By RMB Senanayake –
Mr Chandra Jayarane has urged professional economists to respond to an statement by S.B Dissanayake in the Sunday Observer that in 10 years the per capita income under President M.R would top US$ 10,000. Here is what he said “this story noted below appearing in the Front Page of the Sunday Observer today, meant to fool us and all along with all the citizens of Sri Lanka and make us Venerate with “Sadu Sadhu” and hands above our heads, the Development Strategy that unfolds in the horizon”
Economists have pointed out that the per capita money income includes inflation and when converted at a prevailing over-valued nominal rate of exchange instead of at the purchasing power parity rate of exchange represents nothing. It is not a measure of the standard of living. Imagine the Government borrows Rs 200 million from the Central Bank and gives Rs 1 million to each person. Then the nominal GDP per capita will increase to Rs 1 million plus and if we convert this nominal GDP per capita at the current exchange rate of Rs 125 to the US$ the GDP per capita would be US$ 10,000 now and doesn’t have to wait for 10 years as stated by Mr. S.B Dissanayake. This gift of Rs 1million to each person in the population doesn’t mean that the amount of goods & services has gone up. In fact it may not have gone up at all although per capita nominal GDP has gone to Rs 1 million plus. Does this measure an improvement in the standard of living of the people? Not at all since people need goods not money and money is wanted only for the purpose of buying goods & services. So it is erroneous to measure thestandard of living by the nominal GDP per capita. What is wanted is to increase the “quantity of goods & services”But the quantity of goods cannot be added together because they are measured in different units- in pounds, gallons etc. How do you add up such different units? They can’t and hence economists use their money value to add up. But the money value varies with the prices and hence we have to measure them at a previous price level to see if there is an actual increase in quantity and not a mere increase in prices. So economists do such calculation of the sum of goods & sevices at a previous year’s price level called the base year. This summation provides a measure of the quantity of goods & services and is called the real GDP. If it has gone up then the standard of living may be said to have improved ( GDP per capita is not however a good measure of the standard of living but it is commonly used so) .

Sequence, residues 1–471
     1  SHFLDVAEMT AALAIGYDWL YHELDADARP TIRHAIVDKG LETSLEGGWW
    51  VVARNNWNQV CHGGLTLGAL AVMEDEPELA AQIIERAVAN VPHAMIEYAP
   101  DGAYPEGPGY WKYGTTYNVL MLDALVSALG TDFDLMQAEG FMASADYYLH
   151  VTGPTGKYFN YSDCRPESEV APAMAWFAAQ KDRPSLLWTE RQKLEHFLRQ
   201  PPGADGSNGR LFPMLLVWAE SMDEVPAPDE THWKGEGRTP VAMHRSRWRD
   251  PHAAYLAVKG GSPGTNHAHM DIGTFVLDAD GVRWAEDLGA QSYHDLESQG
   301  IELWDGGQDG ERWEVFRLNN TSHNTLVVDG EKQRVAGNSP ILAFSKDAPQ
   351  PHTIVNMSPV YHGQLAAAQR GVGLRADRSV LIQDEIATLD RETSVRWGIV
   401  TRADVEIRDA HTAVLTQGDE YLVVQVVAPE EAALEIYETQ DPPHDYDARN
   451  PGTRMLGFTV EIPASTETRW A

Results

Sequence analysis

GDP Per Capita Real income is the relevant measure but even that is not a measure of personal incomes but of economic activity.
In my opinion there is a total misunderstanding of development theory by the authorities. There is a short term theory of economic growth and a long term theory which are different. If we want to talk about ten years then what is relevant is the long term growth and not an extrapolation of the short term growth theory. What determines the long term growth rate are the real variables.